There are four critical provisions in your contact: the granting clause, the payment clause, the indemnification clause and the reversion clause. All four provisions work together to set out what you’ve given up (granting and indemnification clauses), what you get in return (the payment clause) and when you get your stuff back (the reversion clause). I’m only going to talk about the last one today but keep in mind that whether a reversion clause is unreasonable depends in large part on what you’ve given away and what you received for it.
What’s the issue?
Your work has value. After all, that’s why a publisher wants it. The value of the work is why you get paid. In return for letting the publisher print your work (and, hopefully from the publisher’s prospective, earn more money off it than they pay you) you give the publisher an exclusive right to use your words anyway that falls into the grant of rights. Start to see the problem?
Okay, let’s look at it this way. I was recently shopping a story to some E-publishers. Before submitting, I checked out the contract terms as stated on the webpage. Buried in the mumbo-jumbo about submission guidelines and other facts was this gem: “Length of grant of publishing rights: Life of copyright.” What the heck?
A copyright lasts your life and another 70 years (in the US and UK. There some other countries which the copyright only lasts 50 years after your death, but it’s still a darned long time.). If you signed a contract with this “reversion” clause your publisher OWNS YOUR STORY for your life, the life of your kids, and a good chunk of your grandchildren’s life. The publisher can do whatever it wants with your story until it has no commercial value (i.e. is in the public domain) and, most likely, not pay you a penny more.
Now do you see the problem?
You might shake your head and say that “well, that was an e-publisher, the traditional houses aren’t like that.” Oh yes, they can be. If you let them. Publishers of all kinds are trying to grab as many of your right as possible, keep them for as long as possible and return as few of them to you as possible. This doesn’t make the publishers “evil.” It just means they are better at looking out for their businesses interests than most writers are. After all, they make money off the stories other people write. Of course, the publisher wants to keep those words for as long as possible.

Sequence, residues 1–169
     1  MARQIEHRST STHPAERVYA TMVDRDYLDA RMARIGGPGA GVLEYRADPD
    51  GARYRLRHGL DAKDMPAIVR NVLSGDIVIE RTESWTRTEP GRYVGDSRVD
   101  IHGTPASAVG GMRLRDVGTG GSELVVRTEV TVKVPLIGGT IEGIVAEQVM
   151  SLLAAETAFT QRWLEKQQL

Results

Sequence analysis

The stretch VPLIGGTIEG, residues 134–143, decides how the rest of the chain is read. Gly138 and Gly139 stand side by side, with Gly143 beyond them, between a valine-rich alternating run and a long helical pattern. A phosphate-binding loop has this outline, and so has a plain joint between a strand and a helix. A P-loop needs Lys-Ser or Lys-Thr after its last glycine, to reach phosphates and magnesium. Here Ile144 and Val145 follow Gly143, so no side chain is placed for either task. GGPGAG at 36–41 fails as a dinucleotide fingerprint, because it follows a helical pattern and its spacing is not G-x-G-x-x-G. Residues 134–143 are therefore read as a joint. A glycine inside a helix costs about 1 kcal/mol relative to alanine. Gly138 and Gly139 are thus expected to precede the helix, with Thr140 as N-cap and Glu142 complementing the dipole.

“But wait!” you say. “Isn’t there something about my getting the rights back if the work goes out of print?”
Most contracts will have a provision that says something along those lines but the words really matter. Ambiguity is not your friend. Reversion clauses often have no definitions or meaningless ones. I’ll just highlight a few terms that MUST be clearly defined. If “out of print” isn’t explicitly defined the publisher can, and likely will, win on the argument that because your book is available on a “print on demand” basis, whether or not any copies are actually sold, the work isn’t “out of print” and the publisher still owns it.
What does “sales” mean? Can the publisher “sell” 1,000 free copies and meet the “Sales” threshold, if your contract even has one? Courts will read an undefined word consistent with its dictionary definition or its “plain meaning” as it is ordinarily used. If “sales” isn’t defined a court will likely rule that giving away free copies is a “sale” as the “plain meaning” of “sale” includes the “transfer of something to the ownership or use of somebody else.” In other words, no money or anything else of value has to change hands for a “sale” to occur. So, many of the new “reversion” clauses won’t let you get your book back until either the copyright expires, or you pay an attorney a lot of money to argue about your contract and rights. Either way, this is a lose-lose situation for the writer.
The “New Normal” of contracts is that if you aren’t careful you may never get your book back, or worse, you might pay the publisher far more than it every paid you to get your story back.
Hand in glove with the “new” non-reversion clauses are “buy back” provisions. Under these provisions you can “early terminate” the contract for a fee. One of the more egregious of these clauses I’ve seen recently was part of a horrible contract where the writer gave up all rights to her story (which was supposed to be put in an anthology) for 7 years for no advance – just a small royalty percentage. The publisher was going to reprint the story as a stand alone arguably under the same payment terms – 7.5% of the price sold. In order to get the story back before the 7 years expired the writer had to pay the publisher a predetermined amount. Given the sales-to-date this meant the writer had to pay the publisher more than 18 times what she received from the sale to get her rights back. Does this sound wrong to you? It should.
Also keep in mind that many established writers are making LOTS of money self-publishing or reselling their back list – books once in print with a publisher that have reverted to the writer. Publishers know this. For obvious reasons, publishers would prefer to keep the bulk of that money too. With a “life of copyright” grant the income from reissuing those older books would go to your publisher if the publisher even felt like reissuing your work.